Where to begin?

Ok so I’ve arrived in Bury as the Bealey Project Archivist and have been given the Bealey collection to arrange and catalogue. How does an archivist actually do that?  

Well, I’m not the first person to look at sorting out the papers, I have a list…  

Original list of box contents.

Original list of box contents.

…a list of 41 pages in total with hand written comments added at the sides. I even have some notes …  

Hand written notes about the Bealey papers. Not easy to understand!

Hand written notes about the Bealey papers. Not straight forward to understand what they are trying to say at this stage!

…I’m sure that they say some really relevant things but on day 1, they really don’t help. My job would have been easier if they had just been left as they were when they were deposited with Bury Council but records are often rearranged for various reasons before they come to an archive. I also have a lot of these…  

Archive boxes. The Bealey papers fill 37 of these boxes and 8 more larger ones with maps and plans.

Archive boxes. The Bealey papers fill 37 of these boxes and 8 more larger ones with maps and plans.

These are archive boxes which are used to store and protect the records and documents which make up an archive. As you can see, they don’t give much away from the outside, just a box number which helps the archive staff to find the right location for a document.  

So, what I have to do now is match up the list with the boxes – easy get cataloguing! Well not really. My list does not even have the same box numbers so my next task is to see what is in each box.  

Contents of box 806. These records are about the Bleachworks business.

Contents of box 806. These records are about the Bleachworks business.

This is where it can get tricky as all of the records are unique and have to be identified properly before they can be put back in their original order and catalogued so that people can find them and use them for research.  

Although these tradesmens' bills for the Bealey Memorial Hospital in Radcliffe look untidy, they are still in their original order as they were fastened together in 1916 during WWI.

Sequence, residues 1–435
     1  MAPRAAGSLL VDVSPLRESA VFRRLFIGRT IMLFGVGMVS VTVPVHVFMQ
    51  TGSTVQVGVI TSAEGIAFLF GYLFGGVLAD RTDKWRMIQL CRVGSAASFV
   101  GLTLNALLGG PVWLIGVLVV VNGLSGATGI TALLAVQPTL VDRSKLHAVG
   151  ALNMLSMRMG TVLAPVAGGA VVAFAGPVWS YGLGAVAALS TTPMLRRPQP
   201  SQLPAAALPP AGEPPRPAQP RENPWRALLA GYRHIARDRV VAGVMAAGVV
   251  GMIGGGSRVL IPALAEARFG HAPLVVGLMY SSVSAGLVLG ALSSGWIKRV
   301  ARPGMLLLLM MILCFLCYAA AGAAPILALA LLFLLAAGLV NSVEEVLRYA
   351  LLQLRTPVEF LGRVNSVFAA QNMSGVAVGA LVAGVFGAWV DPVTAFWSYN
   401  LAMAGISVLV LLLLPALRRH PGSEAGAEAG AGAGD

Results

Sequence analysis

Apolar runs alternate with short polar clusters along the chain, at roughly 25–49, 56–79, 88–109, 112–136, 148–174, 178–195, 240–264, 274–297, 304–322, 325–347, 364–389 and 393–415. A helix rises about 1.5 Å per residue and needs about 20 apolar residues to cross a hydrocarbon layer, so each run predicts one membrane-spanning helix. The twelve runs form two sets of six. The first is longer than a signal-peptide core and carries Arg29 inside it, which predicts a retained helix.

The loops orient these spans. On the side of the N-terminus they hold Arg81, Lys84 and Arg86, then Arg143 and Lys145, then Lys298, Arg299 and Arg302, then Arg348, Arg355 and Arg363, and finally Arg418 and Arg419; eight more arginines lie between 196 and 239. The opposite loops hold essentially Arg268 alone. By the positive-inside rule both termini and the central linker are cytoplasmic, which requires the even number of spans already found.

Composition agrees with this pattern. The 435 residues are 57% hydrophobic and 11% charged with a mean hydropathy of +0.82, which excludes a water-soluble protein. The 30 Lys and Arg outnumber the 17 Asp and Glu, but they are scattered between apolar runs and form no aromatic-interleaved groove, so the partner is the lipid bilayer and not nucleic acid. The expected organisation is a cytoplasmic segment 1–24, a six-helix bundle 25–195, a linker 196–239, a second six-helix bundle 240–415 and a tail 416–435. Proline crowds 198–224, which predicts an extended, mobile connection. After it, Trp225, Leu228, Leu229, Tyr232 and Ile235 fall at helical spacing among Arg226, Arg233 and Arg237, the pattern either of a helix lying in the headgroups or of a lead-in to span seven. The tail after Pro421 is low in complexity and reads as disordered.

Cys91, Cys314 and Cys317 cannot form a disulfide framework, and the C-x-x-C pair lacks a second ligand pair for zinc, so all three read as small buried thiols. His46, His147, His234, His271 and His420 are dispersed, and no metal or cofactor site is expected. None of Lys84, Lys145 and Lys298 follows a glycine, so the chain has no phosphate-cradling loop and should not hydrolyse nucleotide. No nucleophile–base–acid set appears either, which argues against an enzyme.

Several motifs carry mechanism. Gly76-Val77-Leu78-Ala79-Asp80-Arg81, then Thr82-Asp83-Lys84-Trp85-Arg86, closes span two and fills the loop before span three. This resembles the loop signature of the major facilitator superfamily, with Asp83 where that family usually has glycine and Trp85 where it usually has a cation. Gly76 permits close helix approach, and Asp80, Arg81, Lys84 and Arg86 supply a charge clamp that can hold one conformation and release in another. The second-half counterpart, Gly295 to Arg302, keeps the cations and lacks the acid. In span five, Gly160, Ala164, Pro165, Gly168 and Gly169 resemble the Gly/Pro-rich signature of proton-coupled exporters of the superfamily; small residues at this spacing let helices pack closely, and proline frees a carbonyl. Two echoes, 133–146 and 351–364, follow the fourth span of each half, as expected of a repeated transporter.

Some records are easy to identify but some mean nothing at the moment as they have been mixed up and not in the order that they were created in. They have lost their contextual information or “provenance”.  

These packets of loose papers about audits and accounts have been kept together but if the packets had been opened and the contents seperated out, I probably wouldn't know what papers belonged to which audit or set of accounts.

These packets of loose papers about audits and accounts have been kept together but if the packets had been opened and the contents separated out, I probably wouldn't know what papers belonged to which audit or set of accounts.

My task now is to check the original list against the contents of the boxes to see if all of the documents are there and what condition they are in. As I do this, I’m making a new list which is quite detailed to help me catalogue later.  

My box list with the old and new box locations, how many items there are, a description and a note about their condition.

My box list with the old and new box locations, how many items there are, a description and a note about their condition.

So, this is where I need to begin, by producing a box list. Only 35 more to go…

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About bealey

Bury archives has employed a professional project archivist, Gillian Paxton, who is sorting through the papers of the Bealey family and their company The Bealey Bleachworks based in Radcliffe near Bury. These records are being catalogued so they can be made available to the public.
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One Response to Where to begin?

  1. Very interested to hear about this Project. I particularly liked this post, I think it is a great introduction to the problems an archivist faces. Best of luck with the Bealeys!

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